An exploration of the current status quo of animal chiropractic in South Africa
Bosman, Pieter Jacobus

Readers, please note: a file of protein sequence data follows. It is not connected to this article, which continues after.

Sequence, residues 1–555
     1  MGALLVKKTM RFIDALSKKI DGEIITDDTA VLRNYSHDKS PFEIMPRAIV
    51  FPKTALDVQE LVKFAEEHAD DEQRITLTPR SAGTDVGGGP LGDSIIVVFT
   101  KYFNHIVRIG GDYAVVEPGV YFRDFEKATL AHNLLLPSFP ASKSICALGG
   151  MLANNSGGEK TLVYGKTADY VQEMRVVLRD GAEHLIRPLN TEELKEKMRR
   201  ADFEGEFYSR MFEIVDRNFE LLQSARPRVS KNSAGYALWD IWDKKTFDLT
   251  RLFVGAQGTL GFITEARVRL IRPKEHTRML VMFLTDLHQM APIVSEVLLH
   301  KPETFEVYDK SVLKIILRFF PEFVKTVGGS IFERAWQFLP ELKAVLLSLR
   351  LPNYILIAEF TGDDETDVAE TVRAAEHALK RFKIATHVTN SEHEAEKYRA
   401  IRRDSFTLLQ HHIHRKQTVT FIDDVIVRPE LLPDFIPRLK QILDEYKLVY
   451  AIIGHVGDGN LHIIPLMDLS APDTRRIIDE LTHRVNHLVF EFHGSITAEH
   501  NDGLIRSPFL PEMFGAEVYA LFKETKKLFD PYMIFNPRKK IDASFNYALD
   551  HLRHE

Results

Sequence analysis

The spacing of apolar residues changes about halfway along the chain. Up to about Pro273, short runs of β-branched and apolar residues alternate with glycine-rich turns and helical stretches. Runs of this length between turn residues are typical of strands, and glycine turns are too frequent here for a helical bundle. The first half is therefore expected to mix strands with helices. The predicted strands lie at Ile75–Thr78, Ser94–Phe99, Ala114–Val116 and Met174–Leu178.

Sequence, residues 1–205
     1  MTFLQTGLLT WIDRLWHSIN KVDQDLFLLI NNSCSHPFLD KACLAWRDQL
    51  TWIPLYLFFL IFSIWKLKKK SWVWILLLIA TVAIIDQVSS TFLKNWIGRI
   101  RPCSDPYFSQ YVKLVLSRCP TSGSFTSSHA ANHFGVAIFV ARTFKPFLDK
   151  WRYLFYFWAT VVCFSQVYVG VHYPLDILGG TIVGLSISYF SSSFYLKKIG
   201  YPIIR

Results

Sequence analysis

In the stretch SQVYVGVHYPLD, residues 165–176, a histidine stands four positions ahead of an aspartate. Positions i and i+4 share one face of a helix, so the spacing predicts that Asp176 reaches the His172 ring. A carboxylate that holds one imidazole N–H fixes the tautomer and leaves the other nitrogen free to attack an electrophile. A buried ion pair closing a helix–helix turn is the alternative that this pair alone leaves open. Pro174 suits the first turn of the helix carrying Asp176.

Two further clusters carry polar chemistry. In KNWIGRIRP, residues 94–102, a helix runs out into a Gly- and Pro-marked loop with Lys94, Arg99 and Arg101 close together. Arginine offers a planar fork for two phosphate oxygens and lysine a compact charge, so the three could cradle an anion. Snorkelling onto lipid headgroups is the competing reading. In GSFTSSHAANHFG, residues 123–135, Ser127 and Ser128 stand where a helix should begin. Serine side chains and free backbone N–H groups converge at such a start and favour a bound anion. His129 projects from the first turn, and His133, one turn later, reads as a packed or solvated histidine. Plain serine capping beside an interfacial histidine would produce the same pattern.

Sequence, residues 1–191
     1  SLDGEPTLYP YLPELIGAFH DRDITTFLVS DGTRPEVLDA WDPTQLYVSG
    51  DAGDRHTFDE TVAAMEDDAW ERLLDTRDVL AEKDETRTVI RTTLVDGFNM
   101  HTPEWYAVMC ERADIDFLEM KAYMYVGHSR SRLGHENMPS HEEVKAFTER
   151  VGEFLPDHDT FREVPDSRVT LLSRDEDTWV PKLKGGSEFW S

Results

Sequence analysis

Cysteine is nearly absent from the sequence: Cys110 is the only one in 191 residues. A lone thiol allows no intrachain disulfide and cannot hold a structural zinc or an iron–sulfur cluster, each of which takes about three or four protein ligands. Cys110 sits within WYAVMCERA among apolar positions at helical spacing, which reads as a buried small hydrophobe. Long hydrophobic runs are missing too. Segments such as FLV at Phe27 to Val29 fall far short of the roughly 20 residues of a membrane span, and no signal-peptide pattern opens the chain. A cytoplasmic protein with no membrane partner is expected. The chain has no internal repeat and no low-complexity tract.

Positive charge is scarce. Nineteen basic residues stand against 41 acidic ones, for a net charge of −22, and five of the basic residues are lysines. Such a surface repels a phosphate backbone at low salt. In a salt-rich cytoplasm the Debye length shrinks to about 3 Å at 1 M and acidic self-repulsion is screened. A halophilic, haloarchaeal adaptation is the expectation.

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Background: Animal chiropractic, an internationally sanctioned profession, assists veterinarians with a complementary approach to animal healthcare therapy. Animal chiropractic in South Africa appears to be within its novel stages of development and no clear parameters define its present position. As a result of ambiguity and present concern dictated by veterinary regulation, animal chiropractic has not developed along well defined parameters, and it is thought that this study will contribute to achieving some clarity in this regard. The impetus for this study originated as a result of an increased awareness within the complementary and alternative medicine (CAM) field of these CAM therapies in the management of animal healthcare, and a growing interest in their application. Objective: The purpose of the study is to identify the current status of animal chiropractic in South Africa and to explore ways in which the integration of animal chiropractic into the animal healthcare setting of South Africa might be achieved. Method: This study is an interpretive investigation set in a post-positivistic paradigm and used a grounded theory approach. Data was collected from twelve semi-structured interviews (digitally voice recorded) with relevant stakeholders who were knowledgeable within their respective fields (animal chiropractic; veterinary health science; their respective governing bodies; and owners of animals which had received treatment from animal chiropractic). Questions addressed participants’ perceptions and experiences of animal chiropractic with regard to the role it plays, current interprofessional interactions and developmental issues facing the profession. Qualitative analysis of the data was done using NVIVO 9 software (NVivo 9, developed in Australia, copyright 2011 QSR International Pty Ltd.). The purpose of the data collection was to obtain knowledge presently available within the proposed field in order to build a credible theory which might explain the current status of animal chiropractic in South Africa and the way forward to professional integration with mainstream animal healthcare practice. iv Results: Applying a process of grounded theory methodology revealed that certain key prerequisites were needed for integration of animal chiropractic with mainstream animal healthcare to take place. Firstly, animal chiropractic practitioners had to be seen to have reached a certain level of competence, which could be achieved through a recognised educational programme and by following practising standards at the same (or similar) level as veterinary practitioners. Secondly, acceptance by the public and mainstream practitioners is vital, and requires that the need for animal chiropractic is well motivated, that the role of animal chiropractic is better defined, and that collaboration with mainstream professionals is implemented. Thirdly, animal chiropractic needs careful regulation in order for it to be controlled appropriately. This will require a suitable professional body to govern it, legislation to endorse it and guidelines to direct its actions. Lastly, resources must be available, such as enough animal chiropractors interested in entering the field, sufficient qualified instructors (i.e. experienced animal chiropractors) to provide tuition, adequate amenities, and sufficient time available for the profession to develop and the integration process to take place. Conclusion: It would appear that, with CAVM therapies becoming popular, more people are becoming interested in animal chiropractic. The study suggests that, if the animal chiropractic profession makes provision for achieving the prerequisites of competence, acceptance, regulation and resources in terms of its future development, it might be possible to achieve professional integration with mainstream animal healthcare within the next ten years.